Should further savings be demanded by the Home Office, Mr Khan claimed there could soon be as few as 26,800 officers working in the Metropolitan Police – the fewest since 2002.
The London mayor is due to meet Home Secretary Sajid Javid on Tuesday to discuss police funding for 2019-20, but as it stands the Met is required to make a further £335 million worth of savings by 2022, the mayor’s office said.
Mr Khan said that was £10m more than previous forecasts suggested, even though the latest calculations took into account plans to increase the policing element of council tax in the capital by 5.1% – or £12 per household.
That would raise an extra £49m, which is enough to employ 800 officers, although it falls well short of the £104m bill – equivalent to more than 1,700 officers – to be commanded by a 2020 increase to the annual pension bill at Scotland Yard.
Mr Khan said if the Met was made to cut its budget further, it would make it far more difficult to combat a sharp rise in violent crime recorded in London this year.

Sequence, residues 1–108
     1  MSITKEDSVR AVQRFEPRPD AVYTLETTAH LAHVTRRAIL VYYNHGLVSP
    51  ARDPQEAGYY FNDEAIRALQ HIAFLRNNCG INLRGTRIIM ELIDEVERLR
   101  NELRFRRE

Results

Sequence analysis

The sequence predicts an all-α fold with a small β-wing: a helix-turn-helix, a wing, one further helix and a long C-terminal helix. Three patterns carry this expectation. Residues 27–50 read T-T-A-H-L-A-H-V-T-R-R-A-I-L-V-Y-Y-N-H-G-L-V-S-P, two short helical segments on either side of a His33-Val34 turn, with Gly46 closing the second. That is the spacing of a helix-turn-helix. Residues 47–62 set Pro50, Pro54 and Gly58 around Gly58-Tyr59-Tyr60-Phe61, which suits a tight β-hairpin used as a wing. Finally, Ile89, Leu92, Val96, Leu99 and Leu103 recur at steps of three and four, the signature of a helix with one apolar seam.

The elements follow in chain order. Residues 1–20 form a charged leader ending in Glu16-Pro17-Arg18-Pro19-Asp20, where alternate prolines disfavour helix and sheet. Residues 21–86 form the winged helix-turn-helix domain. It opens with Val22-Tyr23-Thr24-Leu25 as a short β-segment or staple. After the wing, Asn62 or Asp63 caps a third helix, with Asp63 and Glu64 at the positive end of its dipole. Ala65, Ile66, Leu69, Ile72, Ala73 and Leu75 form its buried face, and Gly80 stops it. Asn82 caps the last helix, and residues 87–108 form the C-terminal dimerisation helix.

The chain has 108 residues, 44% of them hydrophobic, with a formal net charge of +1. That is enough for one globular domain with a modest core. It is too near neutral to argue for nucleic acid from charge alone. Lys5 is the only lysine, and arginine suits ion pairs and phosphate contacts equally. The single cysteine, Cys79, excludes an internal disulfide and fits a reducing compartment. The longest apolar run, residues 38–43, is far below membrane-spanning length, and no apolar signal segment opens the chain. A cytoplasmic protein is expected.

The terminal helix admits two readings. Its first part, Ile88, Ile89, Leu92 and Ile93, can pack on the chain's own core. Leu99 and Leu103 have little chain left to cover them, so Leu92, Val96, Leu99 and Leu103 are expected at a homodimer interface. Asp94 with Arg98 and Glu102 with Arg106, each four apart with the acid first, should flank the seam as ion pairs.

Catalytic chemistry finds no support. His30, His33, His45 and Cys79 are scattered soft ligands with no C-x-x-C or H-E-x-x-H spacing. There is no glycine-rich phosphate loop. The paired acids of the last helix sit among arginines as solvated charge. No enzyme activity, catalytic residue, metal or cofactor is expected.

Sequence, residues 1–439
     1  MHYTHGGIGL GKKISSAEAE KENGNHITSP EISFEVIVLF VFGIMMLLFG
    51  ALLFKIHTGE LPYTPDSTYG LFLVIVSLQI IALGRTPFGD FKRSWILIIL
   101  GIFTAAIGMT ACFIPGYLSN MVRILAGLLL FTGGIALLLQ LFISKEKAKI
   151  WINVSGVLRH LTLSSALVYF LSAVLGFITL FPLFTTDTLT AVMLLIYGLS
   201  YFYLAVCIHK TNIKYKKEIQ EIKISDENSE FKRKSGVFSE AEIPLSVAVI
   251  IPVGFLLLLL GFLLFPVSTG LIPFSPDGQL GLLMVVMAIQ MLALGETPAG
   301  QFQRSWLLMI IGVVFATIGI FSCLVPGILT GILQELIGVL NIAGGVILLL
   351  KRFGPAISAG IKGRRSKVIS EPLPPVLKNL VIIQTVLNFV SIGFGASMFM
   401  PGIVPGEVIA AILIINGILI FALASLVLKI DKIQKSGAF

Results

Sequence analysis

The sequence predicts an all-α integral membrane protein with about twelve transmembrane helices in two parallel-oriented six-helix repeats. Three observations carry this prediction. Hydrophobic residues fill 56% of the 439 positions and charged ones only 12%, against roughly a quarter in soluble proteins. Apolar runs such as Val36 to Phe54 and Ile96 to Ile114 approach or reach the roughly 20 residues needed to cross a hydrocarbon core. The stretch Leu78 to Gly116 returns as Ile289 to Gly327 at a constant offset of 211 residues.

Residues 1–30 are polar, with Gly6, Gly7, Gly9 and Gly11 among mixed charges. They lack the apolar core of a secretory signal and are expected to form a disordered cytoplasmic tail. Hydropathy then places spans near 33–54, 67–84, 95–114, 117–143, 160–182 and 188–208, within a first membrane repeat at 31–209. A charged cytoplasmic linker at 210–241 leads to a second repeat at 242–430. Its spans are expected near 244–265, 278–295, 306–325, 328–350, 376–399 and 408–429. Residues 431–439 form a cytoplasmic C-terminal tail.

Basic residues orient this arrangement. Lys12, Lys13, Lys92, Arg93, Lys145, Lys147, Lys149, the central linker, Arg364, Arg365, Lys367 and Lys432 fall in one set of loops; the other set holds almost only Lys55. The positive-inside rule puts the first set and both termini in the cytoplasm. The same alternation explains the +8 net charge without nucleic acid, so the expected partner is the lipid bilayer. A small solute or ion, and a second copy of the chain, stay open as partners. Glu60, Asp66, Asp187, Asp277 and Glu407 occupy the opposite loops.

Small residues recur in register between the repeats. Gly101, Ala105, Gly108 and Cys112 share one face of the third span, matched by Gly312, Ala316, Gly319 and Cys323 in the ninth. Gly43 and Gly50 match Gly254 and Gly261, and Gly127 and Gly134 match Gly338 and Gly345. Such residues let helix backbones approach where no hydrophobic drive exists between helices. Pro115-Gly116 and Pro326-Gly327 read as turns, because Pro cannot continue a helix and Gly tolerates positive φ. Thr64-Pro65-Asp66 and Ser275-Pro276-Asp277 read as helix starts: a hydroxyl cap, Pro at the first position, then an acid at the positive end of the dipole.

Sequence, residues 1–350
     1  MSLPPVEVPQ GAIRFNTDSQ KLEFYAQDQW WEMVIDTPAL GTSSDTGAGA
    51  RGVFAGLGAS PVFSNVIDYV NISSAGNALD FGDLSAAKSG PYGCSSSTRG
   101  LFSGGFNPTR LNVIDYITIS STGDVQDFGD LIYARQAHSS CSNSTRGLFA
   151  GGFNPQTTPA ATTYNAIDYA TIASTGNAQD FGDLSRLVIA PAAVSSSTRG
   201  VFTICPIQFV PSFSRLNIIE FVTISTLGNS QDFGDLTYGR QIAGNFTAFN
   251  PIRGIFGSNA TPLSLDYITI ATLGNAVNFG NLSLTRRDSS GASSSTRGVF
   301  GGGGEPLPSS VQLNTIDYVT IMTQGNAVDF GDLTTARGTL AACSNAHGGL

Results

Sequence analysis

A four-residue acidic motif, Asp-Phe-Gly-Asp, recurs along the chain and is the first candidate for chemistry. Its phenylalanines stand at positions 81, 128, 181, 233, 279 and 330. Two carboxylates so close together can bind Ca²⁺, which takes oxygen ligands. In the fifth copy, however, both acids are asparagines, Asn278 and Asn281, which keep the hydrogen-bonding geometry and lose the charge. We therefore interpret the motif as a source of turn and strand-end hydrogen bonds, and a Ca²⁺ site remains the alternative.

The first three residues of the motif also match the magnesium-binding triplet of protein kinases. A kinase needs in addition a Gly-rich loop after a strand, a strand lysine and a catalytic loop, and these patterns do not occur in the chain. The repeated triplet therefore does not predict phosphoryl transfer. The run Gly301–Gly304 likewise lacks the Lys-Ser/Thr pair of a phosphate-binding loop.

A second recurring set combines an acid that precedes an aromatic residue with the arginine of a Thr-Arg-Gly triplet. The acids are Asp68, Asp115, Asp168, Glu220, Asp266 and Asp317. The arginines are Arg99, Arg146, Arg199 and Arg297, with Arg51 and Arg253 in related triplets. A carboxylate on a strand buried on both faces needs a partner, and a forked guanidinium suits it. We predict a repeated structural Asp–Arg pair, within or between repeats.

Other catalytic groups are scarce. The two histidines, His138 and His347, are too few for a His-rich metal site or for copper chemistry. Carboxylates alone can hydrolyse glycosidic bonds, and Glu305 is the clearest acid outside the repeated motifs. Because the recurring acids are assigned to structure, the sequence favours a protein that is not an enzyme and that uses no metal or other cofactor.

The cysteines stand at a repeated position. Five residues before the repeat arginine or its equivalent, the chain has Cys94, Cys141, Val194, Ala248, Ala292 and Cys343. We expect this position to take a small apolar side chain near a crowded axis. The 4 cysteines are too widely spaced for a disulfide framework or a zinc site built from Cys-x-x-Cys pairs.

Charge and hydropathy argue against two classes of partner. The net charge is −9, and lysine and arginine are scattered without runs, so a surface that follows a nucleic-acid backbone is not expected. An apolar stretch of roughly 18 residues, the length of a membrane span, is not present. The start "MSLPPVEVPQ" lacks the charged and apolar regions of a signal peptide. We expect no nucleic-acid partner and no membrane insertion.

“The causes of violent crime are extremely complex, but there is no doubt it has been made far worse by huge government cuts to the police and youth services,” he said.
“Even the home secretary has finally admitted that the Met won’t be able to tackle violent crime without more funding from the government. Now we urgently need to see action to avoid officer numbers falling even further.
“Government cuts have led to London losing 3,000 police officers and more than 3,000 PCSOs and 5,000 police staff and I’m genuinely concerned about how we keep Londoners safe with officer numbers as low as 26,800.
“Ministers need to reverse the £1 billion savings forced on the Met and reverse their cuts on youth services and other preventative services so that we can keep our city safe.”
Sky News reported last week that police forces across England and Wales could see a £600m funding boost from April 2019, with the home secretary having cut a deal with Chancellor Philip Hammond and James Brokenshire, the communities secretary, to double the amount that local authorities can add to council tax bills for policing.
Mr Khan dismissed the figure as insufficient to cope with the upsurge in violence on the streets, which is believed to have resulted in well in excess of 100 murders in London so far this year.
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